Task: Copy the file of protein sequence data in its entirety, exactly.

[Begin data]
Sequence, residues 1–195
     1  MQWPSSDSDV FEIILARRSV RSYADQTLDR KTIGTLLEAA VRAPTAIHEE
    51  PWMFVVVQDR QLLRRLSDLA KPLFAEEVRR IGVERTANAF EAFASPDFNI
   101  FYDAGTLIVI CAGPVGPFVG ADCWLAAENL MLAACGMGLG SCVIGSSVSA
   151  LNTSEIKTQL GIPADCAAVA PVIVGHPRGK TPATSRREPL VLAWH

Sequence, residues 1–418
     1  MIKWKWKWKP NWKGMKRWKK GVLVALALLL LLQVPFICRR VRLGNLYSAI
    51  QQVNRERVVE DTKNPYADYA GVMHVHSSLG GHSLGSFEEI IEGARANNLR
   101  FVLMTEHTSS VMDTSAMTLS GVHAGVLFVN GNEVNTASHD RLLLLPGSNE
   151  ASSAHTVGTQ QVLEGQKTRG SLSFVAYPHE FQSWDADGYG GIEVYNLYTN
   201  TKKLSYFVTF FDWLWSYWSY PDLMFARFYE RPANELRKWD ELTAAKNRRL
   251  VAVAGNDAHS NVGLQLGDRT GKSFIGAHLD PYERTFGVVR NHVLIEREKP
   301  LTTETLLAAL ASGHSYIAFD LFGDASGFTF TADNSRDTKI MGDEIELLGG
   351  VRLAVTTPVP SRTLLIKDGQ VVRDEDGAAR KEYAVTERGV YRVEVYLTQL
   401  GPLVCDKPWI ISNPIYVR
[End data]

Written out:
Sequence, residues 1–195
     1  MQWPSSDSDV FEIILARRSV RSYADQTLDR KTIGTLLEAA VRAPTAIHEE
    51  PWMFVVVQDR QLLRRLSDLA KPLFAEEVRR IGVERTANAF EAFASPDFNI
   101  FYDAGTLIVI CAGPVGPFVG ADCWLAAENL MLAACGMGLG SCVIGSSVSA
   151  LNTSEIKTQL GIPADCAAVA PVIVGHPRGK TPATSRREPL VLAWH

Sequence, residues 1–418
     1  MIKWKWKWKP NWKGMKRWKK GVLVALALLL LLQVPFICRR VRLGNLYSAI
    51  QQVNRERVVE DTKNPYADYA GVMHVHSSLG GHSLGSFEEI IEGARANNLR
   101  FVLMTEHTSS VMDTSAMTLS GVHAGVLFVN GNEVNTASHD RLLLLPGSNE
   151  ASSAHTVGTQ QVLEGQKTRG SLSFVAYPHE FQSWDADGYG GIEVYNLYTN
   201  TKKLSYFVTF FDWLWSYWSY PDLMFARFYE RPANELRKWD ELTAAKNRRL
   251  VAVAGNDAHS NVGLQLGDRT GKSFIGAHLD PYERTFGVVR NHVLIEREKP
   301  LTTETLLAAL ASGHSYIAFD LFGDASGFTF TADNSRDTKI MGDEIELLGG
   351  VRLAVTTPVP SRTLLIKDGQ VVRDEDGAAR KEYAVTERGV YRVEVYLTQL
   401  GPLVCDKPWI ISNPIYVR